Sexual dimorphism of male face shape, partnership status and the temporal context of relationship sought modulate women's preferences for direct gaze

  • Conway C
  • Jones B
  • DeBruine L
 et al. 
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Abstract

Most previous studies of face preferences have investigated the physical cues that influence face preferences. Far fewer studies have investigated the effects of cues to the direction of others' social interest (i.e. gaze direction) on face preferences. Here we found that unpartnered women demonstrated stronger preferences for direct gaze (indicating social interest) from feminine male faces than from masculine male faces when judging men's attractiveness for long-term relationships, but not when judging men's attractiveness for short-term relationships. Moreover, unpartnered women's preferences for direct gaze from feminine men were stronger for long-term than short-term relationships, but there was no comparable effect for judgements of masculine men. No such effects were evident among women with romantic partners, potentially reflecting different motivations underlying partnered and unpartnered women's judgements of men's attractiveness. Collectively these findings (1) complement previous findings whereby women demonstrated stronger preferences for feminine men as long-term than short-term partners, (2) demonstrate context-sensitivity in the integration of physical and social cues in face preferences, and (3) suggest that gaze preferences may function, at least in part, to facilitate efficient allocation of mating effort.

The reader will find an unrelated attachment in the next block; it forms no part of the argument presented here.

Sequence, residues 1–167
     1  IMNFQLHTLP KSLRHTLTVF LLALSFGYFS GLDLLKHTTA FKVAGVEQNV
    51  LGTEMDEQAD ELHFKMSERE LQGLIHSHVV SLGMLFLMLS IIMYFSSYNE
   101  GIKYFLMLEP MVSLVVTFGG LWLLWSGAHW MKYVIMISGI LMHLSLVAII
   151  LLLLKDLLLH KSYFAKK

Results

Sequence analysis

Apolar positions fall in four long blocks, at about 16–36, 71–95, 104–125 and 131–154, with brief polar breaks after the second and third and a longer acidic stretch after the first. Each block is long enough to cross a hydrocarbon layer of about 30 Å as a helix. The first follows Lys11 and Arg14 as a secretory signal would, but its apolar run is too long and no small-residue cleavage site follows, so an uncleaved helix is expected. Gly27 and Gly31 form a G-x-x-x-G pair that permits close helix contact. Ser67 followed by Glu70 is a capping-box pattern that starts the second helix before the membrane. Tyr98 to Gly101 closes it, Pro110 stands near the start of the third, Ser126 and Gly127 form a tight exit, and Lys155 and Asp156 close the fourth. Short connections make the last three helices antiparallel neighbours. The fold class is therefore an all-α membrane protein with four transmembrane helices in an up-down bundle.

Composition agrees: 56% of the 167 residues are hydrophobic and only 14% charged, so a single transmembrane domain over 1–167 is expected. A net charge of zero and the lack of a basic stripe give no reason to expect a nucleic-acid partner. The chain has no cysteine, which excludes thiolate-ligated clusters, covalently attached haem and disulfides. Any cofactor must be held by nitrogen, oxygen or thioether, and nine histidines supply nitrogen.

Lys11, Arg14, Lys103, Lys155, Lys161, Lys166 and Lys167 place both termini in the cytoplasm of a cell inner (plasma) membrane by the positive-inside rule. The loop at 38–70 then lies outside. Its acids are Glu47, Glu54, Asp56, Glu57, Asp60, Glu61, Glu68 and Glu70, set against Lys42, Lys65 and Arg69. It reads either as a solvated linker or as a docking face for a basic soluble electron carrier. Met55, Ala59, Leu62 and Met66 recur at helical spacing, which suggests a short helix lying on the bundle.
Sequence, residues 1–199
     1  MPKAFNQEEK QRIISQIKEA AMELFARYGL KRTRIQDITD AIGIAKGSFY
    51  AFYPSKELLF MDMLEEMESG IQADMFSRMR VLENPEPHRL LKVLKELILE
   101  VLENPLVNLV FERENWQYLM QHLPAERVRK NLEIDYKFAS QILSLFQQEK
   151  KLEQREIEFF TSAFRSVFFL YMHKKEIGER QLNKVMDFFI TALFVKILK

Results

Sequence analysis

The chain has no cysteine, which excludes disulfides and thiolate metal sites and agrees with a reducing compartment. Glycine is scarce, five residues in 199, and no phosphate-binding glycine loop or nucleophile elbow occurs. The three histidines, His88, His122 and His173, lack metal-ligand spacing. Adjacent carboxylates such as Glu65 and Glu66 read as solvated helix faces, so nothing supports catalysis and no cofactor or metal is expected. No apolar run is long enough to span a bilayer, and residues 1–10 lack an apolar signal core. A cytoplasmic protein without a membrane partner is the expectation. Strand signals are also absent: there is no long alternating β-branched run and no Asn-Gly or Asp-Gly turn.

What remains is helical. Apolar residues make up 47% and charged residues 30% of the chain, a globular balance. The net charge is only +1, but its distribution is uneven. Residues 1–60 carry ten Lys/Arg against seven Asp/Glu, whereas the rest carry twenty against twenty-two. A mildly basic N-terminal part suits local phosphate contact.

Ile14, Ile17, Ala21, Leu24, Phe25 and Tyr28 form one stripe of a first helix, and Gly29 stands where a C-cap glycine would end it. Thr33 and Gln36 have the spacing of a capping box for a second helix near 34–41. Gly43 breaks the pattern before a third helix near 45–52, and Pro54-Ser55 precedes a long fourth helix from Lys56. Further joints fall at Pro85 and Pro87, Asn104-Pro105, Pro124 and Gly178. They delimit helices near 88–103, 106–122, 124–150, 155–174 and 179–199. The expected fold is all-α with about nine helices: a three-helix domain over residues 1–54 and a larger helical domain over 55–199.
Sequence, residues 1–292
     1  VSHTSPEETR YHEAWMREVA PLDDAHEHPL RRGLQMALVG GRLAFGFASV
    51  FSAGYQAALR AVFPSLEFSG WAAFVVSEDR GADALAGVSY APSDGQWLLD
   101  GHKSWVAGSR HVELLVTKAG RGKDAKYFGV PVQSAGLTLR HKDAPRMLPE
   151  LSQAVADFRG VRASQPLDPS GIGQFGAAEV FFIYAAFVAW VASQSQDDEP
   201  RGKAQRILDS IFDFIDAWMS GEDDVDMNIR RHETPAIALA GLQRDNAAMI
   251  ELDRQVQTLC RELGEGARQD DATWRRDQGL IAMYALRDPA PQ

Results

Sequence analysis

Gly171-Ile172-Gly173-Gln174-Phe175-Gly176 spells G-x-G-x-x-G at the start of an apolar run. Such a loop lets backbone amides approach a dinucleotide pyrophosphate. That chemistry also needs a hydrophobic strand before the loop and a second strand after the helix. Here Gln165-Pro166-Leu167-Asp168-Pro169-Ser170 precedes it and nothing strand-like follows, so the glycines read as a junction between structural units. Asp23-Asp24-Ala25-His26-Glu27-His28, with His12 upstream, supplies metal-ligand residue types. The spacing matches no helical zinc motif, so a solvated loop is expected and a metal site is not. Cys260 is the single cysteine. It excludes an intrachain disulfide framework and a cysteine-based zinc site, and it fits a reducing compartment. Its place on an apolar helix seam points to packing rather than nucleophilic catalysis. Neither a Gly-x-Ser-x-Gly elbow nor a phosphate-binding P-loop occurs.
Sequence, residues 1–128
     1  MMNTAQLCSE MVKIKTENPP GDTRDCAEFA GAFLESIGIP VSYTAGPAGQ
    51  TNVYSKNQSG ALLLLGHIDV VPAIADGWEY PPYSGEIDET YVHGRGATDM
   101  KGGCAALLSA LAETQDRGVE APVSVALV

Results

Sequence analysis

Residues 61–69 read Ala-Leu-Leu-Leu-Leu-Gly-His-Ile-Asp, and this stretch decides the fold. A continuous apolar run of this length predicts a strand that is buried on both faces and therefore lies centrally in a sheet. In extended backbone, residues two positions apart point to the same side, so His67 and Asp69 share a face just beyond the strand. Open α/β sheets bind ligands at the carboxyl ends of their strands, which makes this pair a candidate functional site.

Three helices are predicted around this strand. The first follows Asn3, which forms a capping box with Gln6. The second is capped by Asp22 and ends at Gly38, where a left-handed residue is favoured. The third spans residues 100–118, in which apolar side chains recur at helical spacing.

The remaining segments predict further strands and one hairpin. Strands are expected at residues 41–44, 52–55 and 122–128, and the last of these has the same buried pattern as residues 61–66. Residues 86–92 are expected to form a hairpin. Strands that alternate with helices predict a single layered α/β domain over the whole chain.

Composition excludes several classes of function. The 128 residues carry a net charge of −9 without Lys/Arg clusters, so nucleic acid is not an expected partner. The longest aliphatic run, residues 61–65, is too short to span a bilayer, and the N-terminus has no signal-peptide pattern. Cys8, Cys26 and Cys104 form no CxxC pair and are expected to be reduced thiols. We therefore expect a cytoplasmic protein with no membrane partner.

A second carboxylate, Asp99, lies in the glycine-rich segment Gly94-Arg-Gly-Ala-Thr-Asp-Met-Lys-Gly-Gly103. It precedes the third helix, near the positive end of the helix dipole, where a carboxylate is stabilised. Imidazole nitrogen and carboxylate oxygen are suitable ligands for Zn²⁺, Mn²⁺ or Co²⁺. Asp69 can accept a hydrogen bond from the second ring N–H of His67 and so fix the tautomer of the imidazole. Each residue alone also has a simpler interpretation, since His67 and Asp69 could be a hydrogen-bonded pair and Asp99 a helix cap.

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Authors

  • Lisa DeBruineInstitute of Neuroscience and Psychology, University of Glasgow

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  • Claire A. Conway

  • Benedict C. Jones

  • Anthony C. Little

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